Carby Carby gremlins? Why so unreliable?

Discussion in '2-Stroke Engines' started by Molotov256, Apr 1, 2009.

  1. Molotov256

    Molotov256 Member

    Hey all... I finally got my second bike up and running again (it hasn't been the same since it ran into a van...), but it just dies out about halfway around the block and then doesn't want to start again.

    When i first started trying to fix it, gas was leaking out of the carb and exhaust whenever the fuel valve was on, so I made several adjustments to the float, and that seemed to fix that problem. I took the spark plug out and let the engine sit for a few days to kinda dry out, and now it works... a little bit.

    I've tried switching spark plugs between my working bike and this one, and that didn't change anything, so I'm pretty sure it's a carb issue.

    The bike won't start with the choke on, it only works with it off, and it's pretty smoky when it runs, so i think I'm still flooding the engine or running it too rich, but I'm out of ideas as to what to adjust to fix it. Am I on the right track?

  2. fetor56

    fetor56 Guest

    Swap carbies & see if that narrows-down your problem.
  3. Old Bob

    Old Bob Member

    Sounds like there is foreign material in the inlet needle and seat assembly holding it open and flooding engine.
  4. Molotov256

    Molotov256 Member

    Hey all, thanks for the feedback! Sorry it took me so long to get back up on here - the weather kinda crapped up on me, and work has this nasty habit of stealing all my daylight hours.

    Anyhow, I got a chance to try Fetor's suggestion about switching carbs, and that still didn't do the trick. I did notice something suspect in the process, though.

    When the gas line is not hooked up to the carb, and i switch the valve on, gas spills out, as I'd imagine it should. However, when I attach the gas line to the carb, no more gas comes out - the hose doesn't fill at all. I had the same result with both carbs. Now this seems like the opposite of an engine flooding issue to me. WTF, mate? :shout:

    The good news is that after swapping carbs, the other bike still works! Woot!
  5. Old Bob

    Old Bob Member

    Thats actually a good sign. The air has no place to go so will hold back the fuel in the line, if it was leaking through the needle and seat the air trapped in the tube would go away.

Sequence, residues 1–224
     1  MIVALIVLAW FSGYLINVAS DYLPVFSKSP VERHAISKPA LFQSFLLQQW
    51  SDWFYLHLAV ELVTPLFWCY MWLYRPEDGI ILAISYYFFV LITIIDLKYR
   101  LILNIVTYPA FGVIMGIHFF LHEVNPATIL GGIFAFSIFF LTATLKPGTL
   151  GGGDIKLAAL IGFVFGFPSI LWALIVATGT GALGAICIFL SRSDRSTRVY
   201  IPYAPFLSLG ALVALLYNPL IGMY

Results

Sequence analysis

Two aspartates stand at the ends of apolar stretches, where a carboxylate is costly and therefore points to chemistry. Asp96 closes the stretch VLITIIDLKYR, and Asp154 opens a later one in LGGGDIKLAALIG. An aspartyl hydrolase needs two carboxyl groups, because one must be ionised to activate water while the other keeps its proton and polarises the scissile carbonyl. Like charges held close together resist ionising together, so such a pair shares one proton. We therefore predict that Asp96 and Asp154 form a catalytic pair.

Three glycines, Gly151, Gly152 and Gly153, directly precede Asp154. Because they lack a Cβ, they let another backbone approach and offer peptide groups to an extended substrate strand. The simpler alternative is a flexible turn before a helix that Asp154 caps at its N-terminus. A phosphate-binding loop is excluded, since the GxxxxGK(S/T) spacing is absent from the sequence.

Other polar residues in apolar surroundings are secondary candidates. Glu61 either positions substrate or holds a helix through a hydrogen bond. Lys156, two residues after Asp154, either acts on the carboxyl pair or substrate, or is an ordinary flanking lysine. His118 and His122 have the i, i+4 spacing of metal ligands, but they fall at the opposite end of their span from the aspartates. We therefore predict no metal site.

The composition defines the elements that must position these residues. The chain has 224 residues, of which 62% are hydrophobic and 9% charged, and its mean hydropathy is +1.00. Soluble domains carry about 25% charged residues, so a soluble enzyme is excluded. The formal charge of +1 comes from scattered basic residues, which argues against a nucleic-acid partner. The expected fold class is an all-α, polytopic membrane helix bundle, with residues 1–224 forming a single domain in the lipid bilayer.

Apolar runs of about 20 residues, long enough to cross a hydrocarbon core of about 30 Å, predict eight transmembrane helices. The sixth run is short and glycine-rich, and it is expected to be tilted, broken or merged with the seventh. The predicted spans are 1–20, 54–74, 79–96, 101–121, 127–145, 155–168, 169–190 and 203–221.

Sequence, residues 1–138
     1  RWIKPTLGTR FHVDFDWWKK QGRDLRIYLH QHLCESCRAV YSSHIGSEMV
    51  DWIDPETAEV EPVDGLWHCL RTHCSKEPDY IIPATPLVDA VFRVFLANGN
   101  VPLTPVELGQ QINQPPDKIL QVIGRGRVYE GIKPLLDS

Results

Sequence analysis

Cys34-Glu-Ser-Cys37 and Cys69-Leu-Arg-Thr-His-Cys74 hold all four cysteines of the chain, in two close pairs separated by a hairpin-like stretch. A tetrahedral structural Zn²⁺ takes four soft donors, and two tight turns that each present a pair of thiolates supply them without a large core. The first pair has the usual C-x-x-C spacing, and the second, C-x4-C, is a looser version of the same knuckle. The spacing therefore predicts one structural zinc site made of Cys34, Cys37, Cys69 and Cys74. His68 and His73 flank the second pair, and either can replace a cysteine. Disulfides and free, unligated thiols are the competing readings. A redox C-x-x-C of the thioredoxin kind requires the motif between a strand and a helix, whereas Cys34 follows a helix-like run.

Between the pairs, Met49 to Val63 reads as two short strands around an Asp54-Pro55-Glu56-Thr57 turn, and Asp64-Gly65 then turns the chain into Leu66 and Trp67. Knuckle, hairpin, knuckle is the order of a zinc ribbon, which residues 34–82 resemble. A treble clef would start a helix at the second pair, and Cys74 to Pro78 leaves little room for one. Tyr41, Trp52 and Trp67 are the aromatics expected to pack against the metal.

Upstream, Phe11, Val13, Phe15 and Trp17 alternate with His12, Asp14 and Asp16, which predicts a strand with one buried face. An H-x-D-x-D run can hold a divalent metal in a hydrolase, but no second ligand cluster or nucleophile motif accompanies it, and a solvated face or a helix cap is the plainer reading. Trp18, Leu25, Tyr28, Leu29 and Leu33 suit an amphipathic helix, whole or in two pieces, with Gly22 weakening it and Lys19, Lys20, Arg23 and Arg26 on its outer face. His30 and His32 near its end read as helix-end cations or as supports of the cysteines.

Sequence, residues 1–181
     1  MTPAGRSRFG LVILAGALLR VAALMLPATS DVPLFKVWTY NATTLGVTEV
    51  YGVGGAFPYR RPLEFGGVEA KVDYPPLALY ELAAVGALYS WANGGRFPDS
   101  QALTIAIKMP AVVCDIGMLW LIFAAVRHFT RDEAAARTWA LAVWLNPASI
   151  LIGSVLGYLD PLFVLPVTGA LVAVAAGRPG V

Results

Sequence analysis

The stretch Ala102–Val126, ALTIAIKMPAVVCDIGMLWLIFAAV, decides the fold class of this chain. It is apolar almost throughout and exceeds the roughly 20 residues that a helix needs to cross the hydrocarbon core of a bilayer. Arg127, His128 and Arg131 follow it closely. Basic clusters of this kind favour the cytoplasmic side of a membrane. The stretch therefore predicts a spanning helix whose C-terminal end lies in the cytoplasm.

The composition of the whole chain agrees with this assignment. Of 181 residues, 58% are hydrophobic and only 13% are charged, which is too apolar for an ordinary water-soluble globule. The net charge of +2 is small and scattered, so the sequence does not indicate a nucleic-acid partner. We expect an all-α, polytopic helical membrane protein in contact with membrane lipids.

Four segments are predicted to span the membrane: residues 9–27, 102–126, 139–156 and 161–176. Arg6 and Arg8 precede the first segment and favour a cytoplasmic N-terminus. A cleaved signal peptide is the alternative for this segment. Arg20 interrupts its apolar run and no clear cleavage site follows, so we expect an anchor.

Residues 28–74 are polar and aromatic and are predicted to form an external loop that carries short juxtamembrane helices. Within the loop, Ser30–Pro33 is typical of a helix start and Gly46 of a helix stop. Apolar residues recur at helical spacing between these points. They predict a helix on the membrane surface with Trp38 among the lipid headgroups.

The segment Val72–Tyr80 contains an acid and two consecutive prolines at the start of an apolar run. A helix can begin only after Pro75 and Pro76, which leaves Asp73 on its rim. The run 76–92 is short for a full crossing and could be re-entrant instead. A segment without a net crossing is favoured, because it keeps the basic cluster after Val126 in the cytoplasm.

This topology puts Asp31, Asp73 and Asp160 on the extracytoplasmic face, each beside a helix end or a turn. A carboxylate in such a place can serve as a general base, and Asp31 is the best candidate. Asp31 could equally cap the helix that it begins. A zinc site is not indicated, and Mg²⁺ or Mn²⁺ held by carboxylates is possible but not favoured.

As soon as the float drops to fill float bowl in carb air will (should) purge itself past needle and seat in float bowl and fuel will fill line and subsequently fill float bowl.
    Now if its doesn't fill, then you may have an issue with the tank vent.
  6. stude13

    stude13 Active Member

    try pumping the little brass button a few times and watch the gas in the line.
  7. Mountainman

    Mountainman Active Member

    I would have an extra around

    it's the way I would go

    my friend down the mountain has a HT
    we changed his carb out a while back
    he got a new one for 15 bucks
    for that price wouldn't want to fool with one for too long
    wasting time is wasting money

    having a back up get's us back on the road
    then when we do have time -- play with the other carb

    ride that thing
  8. Molotov256

    Molotov256 Member

    Hmm... glad to hear the problem I'm having is a positive sign. You mentioned a tank vent problem, but I've tried removing the gas cap to vent the tank and that didn't change anything.

    I fiddled around with the metal piece that the float moves to shut off the fuel when it's full (pardon my lack of proper terminology) and bent it upwards a little bit so the float could rise higher, and that allowed fuel into the carb, but it didn't shut off, so gas started flooding out again. Sooo... I took it back apart, bent the float stop back down again, and now I'm back to no gas.

    Is there a happy medium that I'm missing, or do I need to look somewhere besides the float?

    Mountainman suggested getting a new carb all together, which sounds like a great idea to me. I'm just not totally sure this is a carb related issue at this point, since the carb from my other bike didn't solve the issue, either. What else should I be checking? I must be missing something here...